357.AB/2–2851: Telegram

The Chargé in India (Steere) to the Secretary of State


2272. Munshi1 invited me call, ostensibly show me text Parliament statement he making today re efforts secure Russian wheat. Real purpose however was voice concern about likely results SC consideration Kashmir resolution sponsorship US–UK. Munshi said rightly or wrongly most Indians felt US sponsorship was retaliation for Indian attitude re Korea and to placate Pakistan. If matter came before SC Indian attitude at mildest would be SC could take whatever action it desired but India would refuse cooperate. It was even conceivable course debate might be such as induce India withdraw UNO. India in either event would be forced psychologically toward side Soviet and Communist China, latter of which, he said, was endeavoring placate India by reaching an accommodating agreement with Tibet. Soviets, he thought would play India’s side in SC and probably use veto (see Embtel 2231, February 24).2 In his view whole outlook was dismal and threatening, more so since US–UK did not seem be aware intensity Indian feeling.

By way of background Munshi mentioned Indian feeling it had been let down by British in Commonwealth Conference London, in GA action labeling Communist China aggressor3 and now (for first time in Kashmir dispute) in resolution strongly favoring Pakistan. His implication, though he avoided saying so, was Britain had yielded to or was influenced by US in each case.

I told Munshi could not believe GOI would take in SC almost suicidal course he had suggested, it was complete misreading US motives to regard sponsorship SC resolution as in any way related Indian action Korea. US concern about Kashmir dispute, involvement in which we had long sought avoid, was it constituted serious threat to peace and danger spot for Communist infiltration in South Asia. We had hoped India and Pakistan could themselves resolve problem but they had made no progress and situation now seemed threatening deteriorate as result Kashmir National Confederation activities. As member UN and SC with responsibilities for leadership we felt duty bound use UN machinery endeavor prevent situation becoming more dangerous.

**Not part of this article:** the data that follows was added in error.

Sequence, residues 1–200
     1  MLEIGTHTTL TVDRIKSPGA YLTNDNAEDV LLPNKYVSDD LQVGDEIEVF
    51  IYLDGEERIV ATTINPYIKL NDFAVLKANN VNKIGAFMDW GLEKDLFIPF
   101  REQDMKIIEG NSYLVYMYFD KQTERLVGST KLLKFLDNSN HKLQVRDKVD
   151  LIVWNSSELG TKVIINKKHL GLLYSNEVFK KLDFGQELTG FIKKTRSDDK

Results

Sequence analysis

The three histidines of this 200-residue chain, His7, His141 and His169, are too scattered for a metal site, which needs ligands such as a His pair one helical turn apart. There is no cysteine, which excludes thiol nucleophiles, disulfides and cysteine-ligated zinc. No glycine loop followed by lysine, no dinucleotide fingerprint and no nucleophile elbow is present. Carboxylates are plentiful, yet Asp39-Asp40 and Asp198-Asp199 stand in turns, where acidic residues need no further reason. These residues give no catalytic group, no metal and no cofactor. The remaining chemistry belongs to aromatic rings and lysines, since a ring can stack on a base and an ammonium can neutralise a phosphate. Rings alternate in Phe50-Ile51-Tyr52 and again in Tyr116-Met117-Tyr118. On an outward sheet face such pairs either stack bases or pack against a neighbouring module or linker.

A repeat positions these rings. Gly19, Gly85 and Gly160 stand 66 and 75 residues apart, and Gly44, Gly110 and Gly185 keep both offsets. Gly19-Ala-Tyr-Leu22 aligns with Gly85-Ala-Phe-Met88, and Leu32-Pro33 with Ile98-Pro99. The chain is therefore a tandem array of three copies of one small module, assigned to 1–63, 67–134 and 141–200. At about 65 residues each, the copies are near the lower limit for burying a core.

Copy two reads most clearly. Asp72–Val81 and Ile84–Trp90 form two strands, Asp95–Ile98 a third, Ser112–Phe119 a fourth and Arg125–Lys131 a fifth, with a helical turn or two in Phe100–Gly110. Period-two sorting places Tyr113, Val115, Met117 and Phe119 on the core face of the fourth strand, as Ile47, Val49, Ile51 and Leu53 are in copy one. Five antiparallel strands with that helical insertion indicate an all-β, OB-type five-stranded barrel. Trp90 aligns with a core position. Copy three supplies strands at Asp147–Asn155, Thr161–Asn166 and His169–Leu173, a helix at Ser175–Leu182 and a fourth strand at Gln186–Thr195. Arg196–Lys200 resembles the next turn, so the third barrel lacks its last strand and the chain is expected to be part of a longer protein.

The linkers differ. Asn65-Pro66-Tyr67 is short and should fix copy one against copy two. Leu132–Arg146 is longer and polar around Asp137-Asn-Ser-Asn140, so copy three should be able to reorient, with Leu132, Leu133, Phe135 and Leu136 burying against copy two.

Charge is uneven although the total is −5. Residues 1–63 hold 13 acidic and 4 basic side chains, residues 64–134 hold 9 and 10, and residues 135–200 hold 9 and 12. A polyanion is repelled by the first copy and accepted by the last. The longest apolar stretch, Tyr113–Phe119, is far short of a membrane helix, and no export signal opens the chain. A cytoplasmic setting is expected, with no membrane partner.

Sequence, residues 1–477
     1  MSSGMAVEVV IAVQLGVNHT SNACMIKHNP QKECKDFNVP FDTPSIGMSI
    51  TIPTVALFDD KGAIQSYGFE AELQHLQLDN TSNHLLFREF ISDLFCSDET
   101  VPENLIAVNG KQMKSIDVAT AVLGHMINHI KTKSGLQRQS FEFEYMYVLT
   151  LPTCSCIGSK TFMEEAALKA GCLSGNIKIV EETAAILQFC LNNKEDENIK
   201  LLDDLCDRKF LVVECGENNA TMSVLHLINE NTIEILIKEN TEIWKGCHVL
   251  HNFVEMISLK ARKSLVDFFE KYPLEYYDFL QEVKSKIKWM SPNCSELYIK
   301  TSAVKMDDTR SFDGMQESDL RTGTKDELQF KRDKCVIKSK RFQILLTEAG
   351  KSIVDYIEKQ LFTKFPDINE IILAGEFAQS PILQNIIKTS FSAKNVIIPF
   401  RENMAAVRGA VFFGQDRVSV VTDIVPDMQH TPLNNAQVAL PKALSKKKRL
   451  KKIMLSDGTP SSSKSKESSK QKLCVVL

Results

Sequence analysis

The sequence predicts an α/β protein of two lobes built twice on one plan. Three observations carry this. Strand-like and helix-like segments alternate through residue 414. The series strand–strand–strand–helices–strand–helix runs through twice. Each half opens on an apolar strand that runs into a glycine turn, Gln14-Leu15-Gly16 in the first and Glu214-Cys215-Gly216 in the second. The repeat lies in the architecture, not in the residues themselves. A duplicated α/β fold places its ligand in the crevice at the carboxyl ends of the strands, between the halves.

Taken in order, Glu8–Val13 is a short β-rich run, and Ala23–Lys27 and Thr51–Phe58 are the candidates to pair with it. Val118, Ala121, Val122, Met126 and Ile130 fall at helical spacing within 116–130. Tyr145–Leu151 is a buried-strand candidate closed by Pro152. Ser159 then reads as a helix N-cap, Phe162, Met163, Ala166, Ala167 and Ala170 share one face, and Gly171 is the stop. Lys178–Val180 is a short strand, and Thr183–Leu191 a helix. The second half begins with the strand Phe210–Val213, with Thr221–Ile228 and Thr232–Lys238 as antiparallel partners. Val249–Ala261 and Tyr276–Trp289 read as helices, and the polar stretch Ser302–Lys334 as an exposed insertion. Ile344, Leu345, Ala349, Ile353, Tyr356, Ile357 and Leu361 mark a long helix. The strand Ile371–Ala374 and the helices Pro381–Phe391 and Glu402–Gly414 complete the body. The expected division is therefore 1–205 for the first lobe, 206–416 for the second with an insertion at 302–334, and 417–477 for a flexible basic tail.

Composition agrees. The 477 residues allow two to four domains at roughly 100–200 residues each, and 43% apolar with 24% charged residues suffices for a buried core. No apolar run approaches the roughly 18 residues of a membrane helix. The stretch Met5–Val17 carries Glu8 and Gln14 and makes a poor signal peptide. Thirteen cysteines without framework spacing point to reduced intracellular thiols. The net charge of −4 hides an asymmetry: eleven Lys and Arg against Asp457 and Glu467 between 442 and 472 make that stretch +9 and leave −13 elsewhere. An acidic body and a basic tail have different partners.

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Munshi said he himself did not doubt US sincerity but many others did and he was frankly alarmed about attitude developing this country and wondered whether something could not be done avoid matter’s coming to crisis. Was it not possible for SC debate be avoided at present time which most unpropitious. He suggested delay of say two months. If that impossible he thought friendly high level approach US–UK to parties concerned with indication readiness find solution outside UN would be best way avoid thoroughly bad situation now threatening. He said such approach was best way to deal with Nehru.

Munshi intimated that GOI would still accept solution giving Jammu to India through partition and providing acceptable means for conducting plebiscite in vale. Striking point was that India could not accept plebiscite proposal for vale which left military forces of Pakistan, the aggressor, where they are and required India, the injured party, to withdraw its army. No way to meet Indian sensibilities this point had yet been proposed.

My impressions of above are that Munshi: (a) Chiefly concerned lest debate Kashmir resolution might interfere favorable action US food grant legislation and (b) Might have been put up to making this approach by Cabinet colleagues. He was given no intimation that conversation would be reported.

  1. Kanialal Maneklal Munshi, Indian Minister of Food and Agriculture.
  2. Telegram 2231 from New Delhi, February 24, not printed, conveyed a report received by the Embassy that Sir B. N. Rau would make a statement at Lake Success on the U.K.-U.S. draft Kashmir resolution that would be the “shortest and most insulting” ever made in the U.N. (357. AB/2–2451).
  3. Resolution 498 (V), adopted by the General Assembly at its 327th Plenary Meeting on February 1.